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07 July 2001

Research shows bypasses not needed for regeneration


Research published today by Friends of the Earth shows that the proposed Hastings bypasses[1] are not needed for the regeneration of the town.


The report ‘New jobs without new roads: sustainable regeneration for Hastings’ [2] concludes that a sustainable regeneration strategy for the town could create up to 2,570 jobs for local people for significantly less than the £130 million cost of the bypass. The projections are based on regeneration success stories from around Europe. This contrasts with the report of the Government’s consultants, which concluded that the bypasses would create jobs in nearby Bexhill, but would result in a loss of 300 jobs in Hastings [3].


The sustainable regeneration strategy could include:

Brenda Pollack, Friends of the Earth’s Regional Campaigns Co-ordinator, said:

“This report shows a positive way forward for Hastings, making the best of its many assets and giving the town a green future. That has to be better than wasting tens of millions of pounds on a destructive bypass that won’t solve traffic problems”.


The final decision on the bypasses rests with new Transport Secretary Stephen Byers. A decision is expected before the start of the Parliamentary recess which will probably be in late July. If Mr Byers decides to approve the building of the bypasses, he faces the prospect of a legal challenge to the decision [4].


Tony Bosworth, Friends of the Earth’s Transport Campaigner, said:

“The last prop supporting the case for the Hastings bypasses has been kicked away. We knew they wouldn’t solve the town’s traffic problems. We knew they would be environmentally destructive. And now we know they aren’t needed to bring new jobs. Stephen Byers should decide now to reject the bypasses so that the sustainable regeneration of Hastings can begin as soon as possible”.



[1]    The Bexhill and Hastings Western Bypass and the Hastings Eastern Bypass would create a new 21 km road around Hastings and Bexhill, damaging three SSSIs _ Pevensey Levels, which is also a Ramsar site,Combe Haven and Marline Valley Woods – and the High Weald AONB. The aim of the new roads would be to regenerate Hastings, but a study by consultants for the Government concluded that there were major doubts whether this would be achieved. The new roads would cost around £130 million. The South East England Regional Assembly voted on February 14th to recommend building the bypasses. The final decision lies with the Secretary of State.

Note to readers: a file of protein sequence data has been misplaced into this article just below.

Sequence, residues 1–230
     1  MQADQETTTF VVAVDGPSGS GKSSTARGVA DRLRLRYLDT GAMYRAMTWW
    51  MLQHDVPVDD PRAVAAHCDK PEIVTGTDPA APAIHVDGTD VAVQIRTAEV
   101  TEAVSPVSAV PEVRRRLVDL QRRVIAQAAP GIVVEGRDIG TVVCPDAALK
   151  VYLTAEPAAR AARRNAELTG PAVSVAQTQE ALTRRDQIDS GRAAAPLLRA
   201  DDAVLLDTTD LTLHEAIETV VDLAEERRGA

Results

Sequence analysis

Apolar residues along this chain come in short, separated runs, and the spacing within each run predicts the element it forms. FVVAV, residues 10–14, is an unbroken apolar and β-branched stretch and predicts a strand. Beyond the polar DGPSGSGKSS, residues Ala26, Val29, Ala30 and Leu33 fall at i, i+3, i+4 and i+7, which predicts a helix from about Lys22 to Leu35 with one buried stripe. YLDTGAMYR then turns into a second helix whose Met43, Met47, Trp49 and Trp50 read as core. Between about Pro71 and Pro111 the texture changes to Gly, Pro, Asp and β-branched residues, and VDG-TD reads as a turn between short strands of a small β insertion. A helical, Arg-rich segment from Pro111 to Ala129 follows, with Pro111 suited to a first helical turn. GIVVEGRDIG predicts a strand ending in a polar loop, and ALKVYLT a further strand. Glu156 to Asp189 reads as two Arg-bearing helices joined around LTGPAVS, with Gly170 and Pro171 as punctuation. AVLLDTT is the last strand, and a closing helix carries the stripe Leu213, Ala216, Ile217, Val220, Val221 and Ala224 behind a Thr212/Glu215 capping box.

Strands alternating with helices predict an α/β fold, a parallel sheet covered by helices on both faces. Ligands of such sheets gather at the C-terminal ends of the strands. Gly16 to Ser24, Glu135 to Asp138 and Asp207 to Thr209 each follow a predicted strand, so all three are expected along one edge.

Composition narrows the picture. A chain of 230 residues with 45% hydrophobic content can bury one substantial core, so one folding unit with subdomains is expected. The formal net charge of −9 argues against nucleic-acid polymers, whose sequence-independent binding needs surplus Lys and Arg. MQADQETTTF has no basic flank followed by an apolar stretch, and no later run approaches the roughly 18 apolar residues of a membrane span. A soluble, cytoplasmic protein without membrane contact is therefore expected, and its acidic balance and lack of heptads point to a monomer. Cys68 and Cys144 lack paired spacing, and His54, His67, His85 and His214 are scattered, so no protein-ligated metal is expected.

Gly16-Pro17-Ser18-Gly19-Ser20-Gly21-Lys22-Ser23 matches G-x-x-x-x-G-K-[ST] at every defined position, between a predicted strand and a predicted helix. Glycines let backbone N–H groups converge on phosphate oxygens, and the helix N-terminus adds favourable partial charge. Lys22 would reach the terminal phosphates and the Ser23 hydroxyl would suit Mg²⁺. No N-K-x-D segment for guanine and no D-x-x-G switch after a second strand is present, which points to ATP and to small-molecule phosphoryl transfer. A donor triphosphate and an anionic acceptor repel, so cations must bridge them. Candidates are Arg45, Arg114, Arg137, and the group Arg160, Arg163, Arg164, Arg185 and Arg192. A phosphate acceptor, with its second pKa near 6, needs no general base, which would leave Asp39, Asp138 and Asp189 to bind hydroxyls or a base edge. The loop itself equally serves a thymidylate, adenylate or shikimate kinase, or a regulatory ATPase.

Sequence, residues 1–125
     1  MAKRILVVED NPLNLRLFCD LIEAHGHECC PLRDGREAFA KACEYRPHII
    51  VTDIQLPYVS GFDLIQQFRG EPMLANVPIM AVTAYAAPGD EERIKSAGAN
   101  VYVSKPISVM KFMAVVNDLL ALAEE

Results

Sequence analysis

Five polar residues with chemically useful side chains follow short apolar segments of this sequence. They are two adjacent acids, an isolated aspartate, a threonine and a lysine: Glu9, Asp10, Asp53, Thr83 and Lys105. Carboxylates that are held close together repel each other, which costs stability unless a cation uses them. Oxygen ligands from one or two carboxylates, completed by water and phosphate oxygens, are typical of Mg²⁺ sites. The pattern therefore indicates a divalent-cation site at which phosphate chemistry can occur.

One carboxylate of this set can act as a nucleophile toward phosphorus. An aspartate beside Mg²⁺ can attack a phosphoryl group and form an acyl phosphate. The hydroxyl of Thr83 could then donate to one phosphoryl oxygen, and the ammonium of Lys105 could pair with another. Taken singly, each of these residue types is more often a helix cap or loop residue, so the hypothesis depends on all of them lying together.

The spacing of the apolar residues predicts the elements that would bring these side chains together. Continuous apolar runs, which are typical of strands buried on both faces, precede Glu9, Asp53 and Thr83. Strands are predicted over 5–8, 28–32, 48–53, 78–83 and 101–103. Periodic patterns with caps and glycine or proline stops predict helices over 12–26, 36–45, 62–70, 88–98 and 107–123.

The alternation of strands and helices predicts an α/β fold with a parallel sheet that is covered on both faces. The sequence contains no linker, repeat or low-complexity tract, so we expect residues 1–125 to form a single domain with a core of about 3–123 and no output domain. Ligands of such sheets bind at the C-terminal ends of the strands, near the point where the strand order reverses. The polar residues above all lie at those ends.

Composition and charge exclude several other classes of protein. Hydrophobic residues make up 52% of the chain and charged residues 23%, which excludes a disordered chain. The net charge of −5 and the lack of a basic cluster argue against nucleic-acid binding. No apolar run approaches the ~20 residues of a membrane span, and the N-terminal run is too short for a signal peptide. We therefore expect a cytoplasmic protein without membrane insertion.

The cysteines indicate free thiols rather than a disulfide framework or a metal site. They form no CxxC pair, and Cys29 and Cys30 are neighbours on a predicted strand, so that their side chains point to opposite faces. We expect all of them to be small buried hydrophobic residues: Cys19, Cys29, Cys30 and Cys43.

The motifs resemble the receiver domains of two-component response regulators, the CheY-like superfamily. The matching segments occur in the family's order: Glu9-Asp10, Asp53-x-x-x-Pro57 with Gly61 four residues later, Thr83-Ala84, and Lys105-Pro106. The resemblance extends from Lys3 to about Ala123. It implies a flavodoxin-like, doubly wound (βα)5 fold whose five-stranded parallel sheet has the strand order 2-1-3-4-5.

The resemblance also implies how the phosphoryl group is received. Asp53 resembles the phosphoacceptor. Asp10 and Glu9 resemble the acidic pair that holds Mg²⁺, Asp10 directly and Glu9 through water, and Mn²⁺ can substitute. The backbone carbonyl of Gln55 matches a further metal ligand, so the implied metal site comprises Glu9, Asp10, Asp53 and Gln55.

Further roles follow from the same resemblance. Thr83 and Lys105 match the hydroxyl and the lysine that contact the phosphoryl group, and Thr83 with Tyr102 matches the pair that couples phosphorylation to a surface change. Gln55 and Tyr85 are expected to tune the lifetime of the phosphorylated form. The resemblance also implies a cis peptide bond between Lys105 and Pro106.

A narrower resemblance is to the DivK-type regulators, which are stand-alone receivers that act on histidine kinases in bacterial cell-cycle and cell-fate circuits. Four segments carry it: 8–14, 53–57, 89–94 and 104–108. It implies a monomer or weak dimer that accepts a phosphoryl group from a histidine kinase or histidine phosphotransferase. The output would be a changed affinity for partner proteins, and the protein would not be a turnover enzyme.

[2]     ’New jobs without new roads: sustainable regeneration in Hastings’ was written by Emma Cranidge of CAG Consultants. CAG Consultants seek to be at the leading edge of ethical consultancy in our fields of environmental policy, stakeholder involvement and urban regeneration. We work mainly for government departments, national agencies, think tanks, regeneration partnerships and local authorities. We work mostly in the UK but also sometimes in Europe and beyond. CAG Consultants is a co-operative founded in 1983 that is owned and managed by its staff. The company comprises twelve consultants and one administration and finance manager.

A one-page summary or a full copy of the report is available on request.


[3]    ’Access to Hastings Multi Modal Study’ Final Report paragraph 9.36


[4]    Friends of the Earth and Transport 2000 wrote to John Prescott, the then Secretary of State, in April. The letter warned that a decision to approve the construction of the bypasses could be unlawful because:

Contact details:


Friends of the Earth

26-28 Underwood St.


N1  7JQ

Tel: 020 7490 1555

Fax: 020 7490 0881



Media team 

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